Mirror reflections and planar rotations of a picture do not result in any variations concerning the internal geometrical layout of the objects depicted in the picture. We examined to what extent these picture plane transformations gave rise to perceptual differences. A large set of pictures was generated by mirror-reflecting and rotating a set of six original photographs in the picture plane. We externalised the percepts of the depicted objects by using a direct perceptual method: the gauge-figure method. Participants had to adjust a gauge figure so that it seemed to be painted on the surface of the depicted object. From an extensive set of settings collected this way, we computed for each picture the three-dimensional interpretation - or pictorial relief - of the depicted object. On the basis of this set of pictorial reliefs, we addressed the effects of mirror reflections and rotations of pictures on the shape percept of the depicted object.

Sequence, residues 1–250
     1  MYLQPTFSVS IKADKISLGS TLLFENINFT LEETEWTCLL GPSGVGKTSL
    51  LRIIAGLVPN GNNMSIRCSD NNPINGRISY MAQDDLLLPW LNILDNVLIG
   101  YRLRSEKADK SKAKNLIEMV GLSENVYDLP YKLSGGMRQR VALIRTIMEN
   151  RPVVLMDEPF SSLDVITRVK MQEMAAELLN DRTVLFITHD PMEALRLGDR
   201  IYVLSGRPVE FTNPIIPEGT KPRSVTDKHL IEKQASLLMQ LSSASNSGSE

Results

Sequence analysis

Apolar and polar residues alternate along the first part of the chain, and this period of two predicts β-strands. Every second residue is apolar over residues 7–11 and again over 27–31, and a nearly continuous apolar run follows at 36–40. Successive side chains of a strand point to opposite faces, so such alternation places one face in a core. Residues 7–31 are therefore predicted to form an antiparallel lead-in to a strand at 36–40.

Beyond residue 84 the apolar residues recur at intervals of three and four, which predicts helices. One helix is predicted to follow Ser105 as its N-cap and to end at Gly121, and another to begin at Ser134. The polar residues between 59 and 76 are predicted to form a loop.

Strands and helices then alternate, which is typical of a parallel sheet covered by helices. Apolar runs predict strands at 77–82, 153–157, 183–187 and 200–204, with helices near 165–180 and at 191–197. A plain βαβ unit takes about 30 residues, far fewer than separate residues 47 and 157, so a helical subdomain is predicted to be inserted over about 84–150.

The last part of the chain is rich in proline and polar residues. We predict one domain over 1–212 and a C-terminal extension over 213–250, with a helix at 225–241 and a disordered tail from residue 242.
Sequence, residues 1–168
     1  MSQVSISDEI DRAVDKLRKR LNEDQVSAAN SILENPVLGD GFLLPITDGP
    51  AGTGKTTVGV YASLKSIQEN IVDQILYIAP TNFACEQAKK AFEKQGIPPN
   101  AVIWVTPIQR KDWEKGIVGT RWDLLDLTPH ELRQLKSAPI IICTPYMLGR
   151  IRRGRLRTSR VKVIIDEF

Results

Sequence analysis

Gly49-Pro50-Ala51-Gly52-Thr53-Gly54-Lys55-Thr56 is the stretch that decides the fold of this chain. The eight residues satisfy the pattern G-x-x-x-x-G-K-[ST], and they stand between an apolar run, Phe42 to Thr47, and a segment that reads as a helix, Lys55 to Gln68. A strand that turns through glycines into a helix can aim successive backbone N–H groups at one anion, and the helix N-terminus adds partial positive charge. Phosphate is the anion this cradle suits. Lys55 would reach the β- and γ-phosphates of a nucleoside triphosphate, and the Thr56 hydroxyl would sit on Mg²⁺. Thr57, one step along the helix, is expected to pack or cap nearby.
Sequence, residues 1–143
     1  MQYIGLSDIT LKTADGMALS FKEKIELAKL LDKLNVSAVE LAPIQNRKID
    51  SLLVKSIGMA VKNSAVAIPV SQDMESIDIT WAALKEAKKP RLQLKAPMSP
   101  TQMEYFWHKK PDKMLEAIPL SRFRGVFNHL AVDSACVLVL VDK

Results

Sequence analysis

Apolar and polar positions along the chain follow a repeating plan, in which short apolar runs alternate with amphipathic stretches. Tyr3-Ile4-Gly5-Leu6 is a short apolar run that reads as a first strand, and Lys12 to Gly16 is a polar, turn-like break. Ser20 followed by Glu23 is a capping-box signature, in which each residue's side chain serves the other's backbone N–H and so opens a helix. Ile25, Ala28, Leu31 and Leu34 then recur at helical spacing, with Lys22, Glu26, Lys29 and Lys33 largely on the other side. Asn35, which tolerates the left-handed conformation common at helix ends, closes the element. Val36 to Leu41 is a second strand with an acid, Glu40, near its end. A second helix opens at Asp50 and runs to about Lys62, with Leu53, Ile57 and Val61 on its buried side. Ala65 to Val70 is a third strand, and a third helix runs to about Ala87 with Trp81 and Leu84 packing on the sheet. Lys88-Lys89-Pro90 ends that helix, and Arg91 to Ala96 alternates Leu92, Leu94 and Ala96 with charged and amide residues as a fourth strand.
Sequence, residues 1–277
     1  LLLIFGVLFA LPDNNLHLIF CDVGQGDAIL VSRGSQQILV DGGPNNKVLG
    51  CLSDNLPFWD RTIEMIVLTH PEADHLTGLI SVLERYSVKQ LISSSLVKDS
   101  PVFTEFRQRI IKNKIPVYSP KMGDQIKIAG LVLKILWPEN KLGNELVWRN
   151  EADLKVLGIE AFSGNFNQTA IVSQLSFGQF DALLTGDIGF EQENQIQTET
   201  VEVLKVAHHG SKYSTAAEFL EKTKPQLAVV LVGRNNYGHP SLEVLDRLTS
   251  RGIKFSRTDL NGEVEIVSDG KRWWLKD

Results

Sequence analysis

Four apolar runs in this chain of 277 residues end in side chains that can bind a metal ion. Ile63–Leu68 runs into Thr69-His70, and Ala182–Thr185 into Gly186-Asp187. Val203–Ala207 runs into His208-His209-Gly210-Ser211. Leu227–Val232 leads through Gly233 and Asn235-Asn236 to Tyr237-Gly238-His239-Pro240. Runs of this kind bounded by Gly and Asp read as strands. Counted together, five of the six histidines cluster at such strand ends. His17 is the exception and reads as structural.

Mirror-reflecting a picture around the horizontal axis resulted in large differences in pictorial reliefs, whereas mirror-reflecting pictures around the vertical axis resulted in only small differences in pictorial reliefs. Clockwise 90°, 180°, and 270° rotation affected the pictorial relief significantly. In all cases, the differences between the pictorial reliefs could be resolved by affine transformations, and could thus be ascribed to different solutions of the depth ambiguities inherent in pictures.